But even these climbdowns – significant as they are – are less dramatic than the astonishing recent “peace accord” in north Waziristan where the Pakistan army’s “iron fist” inexplicably softened into a pulpy handshake.

In 2002, presumably on Washington’s instructions, the Pakistan army established military bases in south Waziristan, which had become a refuge for Taliban and Al Qaida fleeing Afghanistan. Combat soon followed, with the army making extensive use of artillery and US-supplied Cobra gunships. By 2005 heavy fighting had spread to north Waziristan. Even though soldiers rarely ventured out from guard posts and heavy fortifications, the army was taking losses whose extent has never been revealed. The senior army leadership, safely removed from combat areas, officially ascribed the resistance to “a few hundred foreign militants and terrorists”. But morale continued to sink, with junior army men wondering why they were being asked to attack their ideological comrades – the Taliban. Reportedly, local clerics refused to conduct funeral prayers for soldiers killed in action.

Miramshah Treaty

The half-hearted war failed, leading to the signing of a “peace treaty” on September 1, 2006 in the town of Miramshah – which was by now firmly in the grip of the Pakistani Taliban. Army officers, and the militants they had fought for four years, hugged each other while heavily armed Taliban stood guard. Although the military governor of the province, Ali Mohammad Aurakzai, praised the peace agreement as “unprecedented in tribal history”, in fact it was reminiscent of the 2004 Shakai agreement in south Waziristan, which had made the militants immensely stronger. The Miramshah treaty was blessed – and reportedly engineered – by Maulana Fazlur Rehman who (quite falsely) claims to be the father of the Taliban.

The Miramshah treaty met all demands made by the militants: the release of all jailed militants; dismantling of army checkpoints; return of seized weapons and vehicles; the right of the Taliban to display weapons (except heavy ones); and residence rights for fellow fighters from other Islamic countries. As for “foreign militants” – who Musharraf had blamed exclusively for the resistance – the militants were nonchalant: we will let you know if we find any! The financial compensation demanded by the Taliban for loss of property and life has not been revealed, but some officials have remarked that it is “astronomical”. In turn they promised to cease their attacks on civil and military installations, and give the army a safe passage out.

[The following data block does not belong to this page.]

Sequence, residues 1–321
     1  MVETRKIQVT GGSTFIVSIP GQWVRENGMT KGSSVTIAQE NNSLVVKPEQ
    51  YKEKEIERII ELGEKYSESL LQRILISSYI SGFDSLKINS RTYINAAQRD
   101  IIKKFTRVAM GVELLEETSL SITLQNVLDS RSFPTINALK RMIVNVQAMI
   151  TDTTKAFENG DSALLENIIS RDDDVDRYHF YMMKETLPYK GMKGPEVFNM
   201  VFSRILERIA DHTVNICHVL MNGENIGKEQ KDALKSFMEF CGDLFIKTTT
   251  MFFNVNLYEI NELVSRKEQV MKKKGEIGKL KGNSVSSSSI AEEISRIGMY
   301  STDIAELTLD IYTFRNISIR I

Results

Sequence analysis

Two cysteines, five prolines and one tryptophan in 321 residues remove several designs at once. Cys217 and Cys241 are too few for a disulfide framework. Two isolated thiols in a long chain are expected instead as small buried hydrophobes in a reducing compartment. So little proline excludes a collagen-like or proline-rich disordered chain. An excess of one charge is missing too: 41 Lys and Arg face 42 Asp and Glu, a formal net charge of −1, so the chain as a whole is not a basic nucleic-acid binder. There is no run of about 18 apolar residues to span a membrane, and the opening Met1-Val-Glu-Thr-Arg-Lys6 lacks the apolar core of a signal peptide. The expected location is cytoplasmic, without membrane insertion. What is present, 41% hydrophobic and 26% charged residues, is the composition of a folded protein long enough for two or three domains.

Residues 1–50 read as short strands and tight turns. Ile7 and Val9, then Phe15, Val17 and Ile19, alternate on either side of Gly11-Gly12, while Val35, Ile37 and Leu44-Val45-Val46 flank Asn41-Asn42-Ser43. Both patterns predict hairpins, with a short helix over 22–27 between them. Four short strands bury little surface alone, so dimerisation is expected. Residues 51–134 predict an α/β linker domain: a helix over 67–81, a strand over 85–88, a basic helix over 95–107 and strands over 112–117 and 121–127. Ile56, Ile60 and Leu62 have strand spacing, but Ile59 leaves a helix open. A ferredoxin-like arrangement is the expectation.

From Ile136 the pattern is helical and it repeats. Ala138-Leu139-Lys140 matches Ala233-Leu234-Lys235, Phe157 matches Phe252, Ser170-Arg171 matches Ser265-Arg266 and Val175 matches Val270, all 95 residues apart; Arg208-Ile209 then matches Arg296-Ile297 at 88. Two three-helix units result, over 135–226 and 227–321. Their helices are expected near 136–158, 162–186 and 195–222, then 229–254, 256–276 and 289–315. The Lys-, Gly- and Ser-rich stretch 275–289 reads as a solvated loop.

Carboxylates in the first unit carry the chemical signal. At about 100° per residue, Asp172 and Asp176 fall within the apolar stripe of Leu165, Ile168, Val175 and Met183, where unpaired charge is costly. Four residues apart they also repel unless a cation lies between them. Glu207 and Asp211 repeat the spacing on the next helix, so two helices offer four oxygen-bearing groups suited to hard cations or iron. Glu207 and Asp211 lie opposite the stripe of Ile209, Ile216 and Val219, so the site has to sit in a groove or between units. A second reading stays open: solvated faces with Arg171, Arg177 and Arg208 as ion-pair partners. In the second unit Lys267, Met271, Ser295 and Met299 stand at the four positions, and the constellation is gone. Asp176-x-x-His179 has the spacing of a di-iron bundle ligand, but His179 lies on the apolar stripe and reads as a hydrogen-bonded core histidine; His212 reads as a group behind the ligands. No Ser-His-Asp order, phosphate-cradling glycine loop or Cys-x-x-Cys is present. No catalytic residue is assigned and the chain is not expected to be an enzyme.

Washington and London have cautiously welcomed Musharraf’s move, an indication of how well he has refined his persuasive powers for the west. But will hardened militants stop their jihad, and will foreign militants return to their countries as the agreement stipulates? After winning such a stunning victory, and with certain arrest and torture awaiting them in their home countries, this is about as likely as Al Qaida turning itself in en masse to the nearest FBI centre.

Some argue that the army had no choice. After all, on the other side of the Pakistan-Afghan border even the combined might of North Atlantic Treaty Organisation and US forces have proved insufficient against the resurgent Taliban. So how could the Pakistani army ever win? But this hides the fact that the army’s high command demonstrated appallingly bad judgment and strategy by venturing into terrain where guerrilla warfare is extremely effective. It was far better not to have engaged in combat, than to fight and lose.